I have one more full day in Goa. Ilona’s health has gotten worse again so it’s just me. I have no idea what to do with my day. I can’t fit anything else in my bag so shopping is out of the question, I don’t dare go back to the beach alone after yesterday’s little encounter, and really there isn’t much else to do in my surrounding area of Baga Beach. If there is, I don’t know what it is. This is a party town, but I’m not in the mood to party.

I met an Australian guy last night while I was using the Internet (which is only available in a small location of the hostel), who has been here for a month, and he was telling me about different busses I could take to different cities for very cheap. I consider doing a little day trip, but I don’t know if I’m ready for Indian public transportation yet. Also, with Ilona’s illness not passing as quickly as we had hoped, I don’t want to go too far away and be unable to contact her, so I stay in Baga Beach.

I get up and take a cold shower (I have a new appreciation for these, when it is so humid out like this I could never dream of wanting to take a hot shower), then venture out to get some breakfast for us. I go the opposite direction that I did yesterday morning, because I didn’t see any good breakfast restaurants that way. This time, I am lucky and stumble upon a restaurant which has MUFFINS on the menu ! I order one Apple Cinnamon, and one Banana Walnut muffin to go. I think they were planting, watering, and harvesting the apples and bananas from scratch out in the back somewhere, because it took 45 minutes, but I can’t complain because they look pretty delicious. When I get back to our room we dig into the muffins and the 45 minute wait is confirmed to have been SO worth it. They are fresh, warm and flavourful, what else can you ask for in a muffin?

After our breakfast I decide to go and try to find a walk-in clinic somewhere for Ilona and for myself. I have gotten so many mosquito bites lately that I am probably 30% mosquito now. The tent covers me at night, but there’s only so much bug repellant I can apply during the day. The bites are swollen and red, and about 5 times the size of a normal mosquito bite. (I will attach a picture… you know you want to see it). I figure it can’t hurt to go see a doctor about it if I’m already in need of one for Ilona, but I also know there is probably nothing they can do for me. Finding one however, proves to be more difficult than I thought. On previous walks I had passed lots of places with the little red cross, so when I am planning to find a walk in clinic, I figure it should be no problem, and I even have a vague memory of one location in particular. I quickly discover that Baga Beach has an obsession with dentistry, because each and every red cross I pass is for a dentist, not a doctor. I wonder if the people who live here all have nice teeth, but I haven’t noticed one way or the other.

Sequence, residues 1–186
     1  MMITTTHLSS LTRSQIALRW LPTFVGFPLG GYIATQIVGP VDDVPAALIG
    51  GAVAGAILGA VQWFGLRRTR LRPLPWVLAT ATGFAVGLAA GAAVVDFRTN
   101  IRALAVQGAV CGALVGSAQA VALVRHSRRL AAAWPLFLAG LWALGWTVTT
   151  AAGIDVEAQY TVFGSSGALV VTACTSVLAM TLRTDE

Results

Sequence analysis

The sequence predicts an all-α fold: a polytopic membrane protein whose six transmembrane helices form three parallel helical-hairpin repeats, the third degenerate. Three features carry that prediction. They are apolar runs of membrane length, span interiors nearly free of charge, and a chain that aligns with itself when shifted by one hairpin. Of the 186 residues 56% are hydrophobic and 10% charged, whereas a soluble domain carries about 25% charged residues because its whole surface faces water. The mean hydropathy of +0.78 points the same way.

I give up on the walk-in clinic. I could probably ask around and find one, but I figure we can wait just one more day and make it back to Delhi, where I can ask Dolly (family friend in living in Delhi) for help on where to go or who to call.

The rest of my day is uneventful. I hang out by the pool, go on Facebook, Skype my parents. I hang out with Ilona in our room when she is awake. Later that night however, she becomes so sick that we decide we can’t wait until tomorrow to see a doctor, so we get in a cab and go to the nearest hospital. Medical costs are almost nothing, about 500 rupees ($10) total for a visit with the doctor and meds to take home. One of the medical staff “accidentally” forgets to give me 100 rupees after making me fork out all this change because she doesn’t have any. It’s all very confusing but I catch it and call her out, because I have learned to watch everything everyone does at all times…even in a hospital, sadly.